# Which Theories of Causality Should I know?

Which theoretical approaches to causality should I know as an applied statistician/econometrician?

I know the (a very little bit)

Which concepts do I miss or should I be aware of?

Related: Which theories are foundations for causality in machine learning?

I have read these interesting questions and the answers (1, 2, 3) but I think is a different question. And I was very surprised to see that "causality", for example, is not mentioned in Elements of Statistical Learning.

Strictly speaking, "Granger causality" is not at all about causality. It's about predictive ability/time precedence, you want to check whether one time series is useful to predict another time series---it's suited for claims like "usually A happens before B happens" or "knowing A helps me predict B will happen, but not the other way around" (even after considering all past information about $$B$$). The choice of this name was very unfortunate, and it's a cause of several misconceptions.

While it's almost uncontroversial that a cause has to precede its effect in time, to draw causal conclusions with time precedence you still need to claim the absence of confounding, among other sources of spurious associations.

Now regarding the Potential Outcomes (Neyman-Rubin) versus Causal Graphs/Structural Equation Modeling (Pearl), I would say this is a false dilemma and you should learn both.

First, it's important to notice that these are not opposite views about causality. As Pearl puts it, there's a hierarchy regarding (causal) inference tasks:

1. Observational prediction
2. Prediction under intervention
3. Counterfactuals

For the first task, you only need to know the joint distribution of observed variables. For the second task, you need to know the joint distribution and the causal structure. For the last task, of counterfactuals, you will further need some information about the functional forms of your structural equation model.

So, when talking about counterfactuals, there's a formal equivalency between both perspectives. The difference is that potential outcomes take counterfactual statements as primitives and in DAGs counterfactuals are seen as derived from the structural equations. However, you might ask, if they are "equivalent", why bother learning both? Because there are differences in terms of "easiness" to express and derive things.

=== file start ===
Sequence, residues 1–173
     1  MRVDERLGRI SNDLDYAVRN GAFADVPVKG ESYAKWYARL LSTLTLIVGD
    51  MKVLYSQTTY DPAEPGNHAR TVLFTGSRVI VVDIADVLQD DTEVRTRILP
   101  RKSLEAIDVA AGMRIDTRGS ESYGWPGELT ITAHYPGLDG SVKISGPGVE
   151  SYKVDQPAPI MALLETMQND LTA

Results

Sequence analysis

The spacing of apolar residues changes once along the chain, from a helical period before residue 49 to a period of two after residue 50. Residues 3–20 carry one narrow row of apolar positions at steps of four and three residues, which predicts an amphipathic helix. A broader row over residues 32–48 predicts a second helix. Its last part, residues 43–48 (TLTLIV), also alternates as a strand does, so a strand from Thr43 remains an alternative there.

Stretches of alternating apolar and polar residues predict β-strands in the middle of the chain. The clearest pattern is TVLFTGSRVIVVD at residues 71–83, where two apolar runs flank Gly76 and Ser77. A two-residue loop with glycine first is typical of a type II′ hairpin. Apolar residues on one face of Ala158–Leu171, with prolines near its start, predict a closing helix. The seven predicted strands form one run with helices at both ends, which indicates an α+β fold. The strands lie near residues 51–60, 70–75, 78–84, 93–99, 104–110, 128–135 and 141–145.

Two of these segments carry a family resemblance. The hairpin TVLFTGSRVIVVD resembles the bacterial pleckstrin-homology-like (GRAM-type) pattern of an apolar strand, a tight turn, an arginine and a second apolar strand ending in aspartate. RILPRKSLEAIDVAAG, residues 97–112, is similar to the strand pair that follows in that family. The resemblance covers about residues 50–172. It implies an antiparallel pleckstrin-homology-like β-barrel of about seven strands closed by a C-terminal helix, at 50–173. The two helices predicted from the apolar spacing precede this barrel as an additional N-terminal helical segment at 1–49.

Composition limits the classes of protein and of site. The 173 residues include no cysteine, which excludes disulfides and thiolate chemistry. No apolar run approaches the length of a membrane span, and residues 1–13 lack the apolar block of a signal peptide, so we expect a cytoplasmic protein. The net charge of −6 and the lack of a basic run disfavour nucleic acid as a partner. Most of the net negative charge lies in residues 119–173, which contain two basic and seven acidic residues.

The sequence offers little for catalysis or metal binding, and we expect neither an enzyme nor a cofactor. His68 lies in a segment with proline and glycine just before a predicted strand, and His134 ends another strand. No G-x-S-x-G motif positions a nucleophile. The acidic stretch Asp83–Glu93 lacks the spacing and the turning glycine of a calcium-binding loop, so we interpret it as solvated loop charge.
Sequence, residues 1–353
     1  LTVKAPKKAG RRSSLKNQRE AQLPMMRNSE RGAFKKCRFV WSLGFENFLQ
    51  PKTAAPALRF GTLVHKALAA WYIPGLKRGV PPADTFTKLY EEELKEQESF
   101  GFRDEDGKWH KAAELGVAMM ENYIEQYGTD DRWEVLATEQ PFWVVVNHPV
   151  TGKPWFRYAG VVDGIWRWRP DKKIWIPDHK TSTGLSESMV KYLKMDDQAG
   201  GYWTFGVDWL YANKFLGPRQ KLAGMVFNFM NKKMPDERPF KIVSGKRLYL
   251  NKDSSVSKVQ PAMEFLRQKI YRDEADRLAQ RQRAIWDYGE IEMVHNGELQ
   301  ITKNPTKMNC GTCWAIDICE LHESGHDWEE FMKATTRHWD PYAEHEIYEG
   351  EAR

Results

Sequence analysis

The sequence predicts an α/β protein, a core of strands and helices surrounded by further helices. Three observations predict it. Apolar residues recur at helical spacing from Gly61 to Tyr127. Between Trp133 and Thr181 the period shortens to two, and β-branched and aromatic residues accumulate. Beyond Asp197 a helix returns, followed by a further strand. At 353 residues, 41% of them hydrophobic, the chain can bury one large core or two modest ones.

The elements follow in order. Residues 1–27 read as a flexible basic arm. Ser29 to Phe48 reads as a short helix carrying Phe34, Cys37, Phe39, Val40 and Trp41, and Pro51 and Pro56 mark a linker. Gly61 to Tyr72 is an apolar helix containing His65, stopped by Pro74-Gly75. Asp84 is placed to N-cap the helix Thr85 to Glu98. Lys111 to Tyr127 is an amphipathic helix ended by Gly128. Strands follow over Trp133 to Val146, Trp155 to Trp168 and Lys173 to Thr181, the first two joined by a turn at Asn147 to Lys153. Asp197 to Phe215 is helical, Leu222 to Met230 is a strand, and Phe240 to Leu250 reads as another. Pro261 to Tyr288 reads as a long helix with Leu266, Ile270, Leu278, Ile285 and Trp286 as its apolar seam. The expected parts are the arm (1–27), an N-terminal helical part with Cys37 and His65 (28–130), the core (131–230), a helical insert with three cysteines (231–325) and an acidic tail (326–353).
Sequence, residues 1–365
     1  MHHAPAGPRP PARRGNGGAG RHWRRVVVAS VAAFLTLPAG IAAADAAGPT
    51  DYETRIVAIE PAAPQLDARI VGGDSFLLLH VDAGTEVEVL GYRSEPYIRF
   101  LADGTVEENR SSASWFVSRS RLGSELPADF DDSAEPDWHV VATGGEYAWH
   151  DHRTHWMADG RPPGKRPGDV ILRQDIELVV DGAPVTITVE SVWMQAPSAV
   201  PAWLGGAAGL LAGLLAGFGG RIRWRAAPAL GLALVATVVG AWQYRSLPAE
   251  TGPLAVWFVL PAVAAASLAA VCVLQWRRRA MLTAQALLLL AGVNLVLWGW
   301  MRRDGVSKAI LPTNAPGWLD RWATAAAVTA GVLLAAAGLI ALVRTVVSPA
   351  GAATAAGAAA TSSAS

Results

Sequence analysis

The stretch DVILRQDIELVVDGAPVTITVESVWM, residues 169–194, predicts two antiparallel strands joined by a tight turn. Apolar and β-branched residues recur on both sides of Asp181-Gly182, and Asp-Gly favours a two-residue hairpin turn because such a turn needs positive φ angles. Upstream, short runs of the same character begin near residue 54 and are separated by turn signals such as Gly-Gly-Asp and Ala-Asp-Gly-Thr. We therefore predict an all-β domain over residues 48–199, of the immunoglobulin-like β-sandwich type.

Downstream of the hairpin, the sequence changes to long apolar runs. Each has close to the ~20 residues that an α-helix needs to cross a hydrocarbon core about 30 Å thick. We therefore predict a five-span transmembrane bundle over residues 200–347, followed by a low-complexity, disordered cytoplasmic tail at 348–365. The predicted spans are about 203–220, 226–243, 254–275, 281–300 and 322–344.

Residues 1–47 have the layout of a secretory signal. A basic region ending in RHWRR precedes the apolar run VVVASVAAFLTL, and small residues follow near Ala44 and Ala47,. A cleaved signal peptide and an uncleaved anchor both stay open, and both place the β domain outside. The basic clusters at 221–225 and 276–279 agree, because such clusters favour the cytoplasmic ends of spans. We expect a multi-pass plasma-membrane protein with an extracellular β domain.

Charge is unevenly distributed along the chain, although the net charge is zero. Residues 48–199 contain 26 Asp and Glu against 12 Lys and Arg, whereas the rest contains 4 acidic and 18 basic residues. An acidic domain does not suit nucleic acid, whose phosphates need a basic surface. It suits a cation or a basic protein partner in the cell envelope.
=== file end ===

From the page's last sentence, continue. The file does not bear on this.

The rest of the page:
For example, try to express the concept of M-Bias using only potential outcomes --- I've never seen a good one. In fact, my experience so far is that researchers who never studied graphs aren't even aware of it. Also, casting the substantive assumptions of your model in graphical language will make it computationally easier to derive its empirical testable implications and answer questions of identifiability. On the other hand, sometimes people will find it easier to first think directly about the counterfactuals themselves, and combine this with parametric assumptions to answer very specific queries.

There's much more one could say, but the point here is that you should learn how to "speak both languages". For references, you can check out how to get started here.

• Could you provide an example of something that is easy to express in terms of POs, but not in DAGs? Commented Jan 3, 2018 at 11:47
• @GuilhermeDuarte mediation quantities involving nested counterfactuals for instance Commented Jan 3, 2018 at 14:11
• I think your view of Granger causality (at least as laid out here) is a bit imprecise. Granger causality $A\xrightarrow{Granger} B$ means that $A$ has added predictive power when the history of $B$ itself is used for predicting $B$. Thus roosters do not Granger-cause sunrise since they do not improve upon the prediction of sunrise based on historical data on sunrises. Commented Nov 6, 2018 at 7:42
• I think Granger causality does not suggest using inferior predictive models with only the history of B to justify the need for an additional variable A and hence Granger causality. Rather, one would ideally aim for as good a model as possible using own history of B and then see if adding A (in some form) helps predict B. And of course, "a perfect rooster" is a rather utopian concept. Given this, I think editing the answer to reflect this might be a good idea. Commented Nov 6, 2018 at 17:39
• Your first paragraph with the two example claims still reflect the original idea with the rooster. It seems to me the qualifier "beyond the history of B itself" is missing there. Commented Nov 6, 2018 at 18:15